Probiotics may slash triglyceride levels: Study


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Probiotics may slash triglyceride levels: Study

Related tags: Triglyceride levels, Metabolism, Probiotic

Daily supplements of Lactobacillus curvatus HY7601 and L. plantarum KY1032 may significantly lower triglyceride levels, says a new study from Korea.

Data from a randomized, double-blind, placebo-controlled study with 92 people with borderline-to-moderate hypertriglyceridemia indicated that the probiotic supplementation was associated with a 20% reduction in triglyceride levels. Hypertriglyceridemia is said to be a risk factor for coronary artery disease (CAD). 

The 12 week intervention was also associated with a 25% increase in levels of apolipoprotein A-V (apoA-V), a significant modulator of triglycerides, according to findings published in Nutrition, Metabolism and Cardiovascular Diseases.

In addition, researchers from Yonsei University in Seoul reported that the probiotic supplements were associated with significant decreases in the levels of 11 metabolites.

“In the present study, probiotic supplementation affected blood lipid profile and metabolites in plasma. These results indicate that the manipulation of gut microflora through use of probiotics have the potential to influence the metabolism of lipid-regulating pathways and prevent the onset of CVD,” ​they wrote.

Study details

The Korean researchers divided their 92 volunteers into two groups: One group received 2 grams per day of powder containing five billion colony-forming units (cfu) of L. curvatus​ HY7601 and five billion cfu of L. plantarum​ KY1032 for 12 weeks, while the second group received placebo for the same time period.

Results showed that the probiotic group displayed a 20% reduction triglyceride levels and a 25% increase in apoA-V levels. The changes in triglyceride were negatively correlated with changes in apoA-V.

The data also showed that 11 plasma metabolites were significantly reduced in the probiotic group, compared to placebo.

“These significant reductions […] might be a direct effect of probiotics on plasma metabolites, or they might be effects of other probiotic-induced biochemical changes, particularly circulating levels of triglycerides and apoA-V,”​ wrote the researchers.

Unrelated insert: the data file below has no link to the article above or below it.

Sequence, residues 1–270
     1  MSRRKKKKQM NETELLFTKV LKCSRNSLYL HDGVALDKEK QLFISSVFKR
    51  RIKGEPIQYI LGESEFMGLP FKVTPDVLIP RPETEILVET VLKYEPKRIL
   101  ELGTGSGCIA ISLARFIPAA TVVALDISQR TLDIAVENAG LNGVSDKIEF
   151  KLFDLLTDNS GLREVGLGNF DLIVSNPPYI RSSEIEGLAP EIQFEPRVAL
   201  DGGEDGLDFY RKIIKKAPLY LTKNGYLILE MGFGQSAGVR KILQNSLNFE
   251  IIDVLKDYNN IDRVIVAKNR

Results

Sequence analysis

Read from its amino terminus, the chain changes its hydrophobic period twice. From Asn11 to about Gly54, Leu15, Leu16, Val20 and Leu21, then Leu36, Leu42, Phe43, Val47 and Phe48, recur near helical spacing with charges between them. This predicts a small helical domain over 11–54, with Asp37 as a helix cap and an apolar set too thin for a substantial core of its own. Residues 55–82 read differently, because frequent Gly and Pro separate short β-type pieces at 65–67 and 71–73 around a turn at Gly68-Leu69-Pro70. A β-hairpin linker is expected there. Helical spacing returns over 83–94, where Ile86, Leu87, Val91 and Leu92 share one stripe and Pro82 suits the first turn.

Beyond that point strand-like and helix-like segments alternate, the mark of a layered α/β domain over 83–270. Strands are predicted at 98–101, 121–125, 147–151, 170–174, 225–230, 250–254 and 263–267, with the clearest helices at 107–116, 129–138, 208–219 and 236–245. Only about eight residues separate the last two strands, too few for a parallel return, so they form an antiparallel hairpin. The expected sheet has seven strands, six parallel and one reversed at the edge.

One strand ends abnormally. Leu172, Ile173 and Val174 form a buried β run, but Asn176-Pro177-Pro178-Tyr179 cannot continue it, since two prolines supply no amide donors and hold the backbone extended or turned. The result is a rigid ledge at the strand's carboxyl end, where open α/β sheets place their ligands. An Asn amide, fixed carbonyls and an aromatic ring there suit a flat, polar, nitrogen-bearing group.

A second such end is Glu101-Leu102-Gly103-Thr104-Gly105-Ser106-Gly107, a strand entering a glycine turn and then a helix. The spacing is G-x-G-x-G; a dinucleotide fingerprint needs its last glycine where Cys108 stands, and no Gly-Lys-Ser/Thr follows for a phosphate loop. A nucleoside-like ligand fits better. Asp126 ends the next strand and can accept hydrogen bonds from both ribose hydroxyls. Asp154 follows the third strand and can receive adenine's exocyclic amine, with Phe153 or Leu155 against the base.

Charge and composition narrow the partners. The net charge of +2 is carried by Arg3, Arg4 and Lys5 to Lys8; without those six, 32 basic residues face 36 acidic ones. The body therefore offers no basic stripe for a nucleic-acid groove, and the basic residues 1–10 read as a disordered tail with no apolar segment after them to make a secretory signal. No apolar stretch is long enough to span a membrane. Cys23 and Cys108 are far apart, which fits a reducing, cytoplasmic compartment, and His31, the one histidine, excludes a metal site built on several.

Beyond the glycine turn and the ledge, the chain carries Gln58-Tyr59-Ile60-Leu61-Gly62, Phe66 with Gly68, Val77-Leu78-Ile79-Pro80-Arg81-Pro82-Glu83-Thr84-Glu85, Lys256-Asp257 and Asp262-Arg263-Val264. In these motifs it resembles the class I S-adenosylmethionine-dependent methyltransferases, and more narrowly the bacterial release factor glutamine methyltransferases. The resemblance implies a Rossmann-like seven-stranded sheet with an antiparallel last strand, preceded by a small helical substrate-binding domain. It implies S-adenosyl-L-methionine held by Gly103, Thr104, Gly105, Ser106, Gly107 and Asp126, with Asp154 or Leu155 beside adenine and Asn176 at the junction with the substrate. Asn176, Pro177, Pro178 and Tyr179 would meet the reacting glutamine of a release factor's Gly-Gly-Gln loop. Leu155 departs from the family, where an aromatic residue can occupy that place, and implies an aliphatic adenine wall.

“Recent reports of the potential mechanisms of the probiotic effects on lipid metabolism show (1) that the lipid-lowering effect of the probiotic is not because of a redistribution of lipids from the plasma to the liver (rather, it is attributed to a decrease in lipid intestinal absorption or an increase in lipid catabolism); and (2) the reduction of plasma triglyceride level is correlated with the decrease of the triglycerides in VLDL and remnant lipoproteins.

“Additional investigations are needed to identify how the various responses, mechanisms, and relevant pathways related to lipid metabolism are influenced by various probiotics,” ​they concluded.

Source: Nutrition, Metabolism and Cardiovascular Diseases
Published online ahead of print, doi: 10.1016/j.numecd.2015.05.002
“The triglyceride-lowering effect of supplementation with dual probiotic strains, Lactobacillus curvatus HY7601 and Lactobacillus plantarum KY1032: reduction of fasting plasma lysophosphatidylcholines in nondiabetic and hypertriglyceridemic subjects”
Authors: H.Y. Ahn, M. Kim, Y.T. Ahn, J.H. Sim, I.D. Choi, S.H. Lee, J.H. Le

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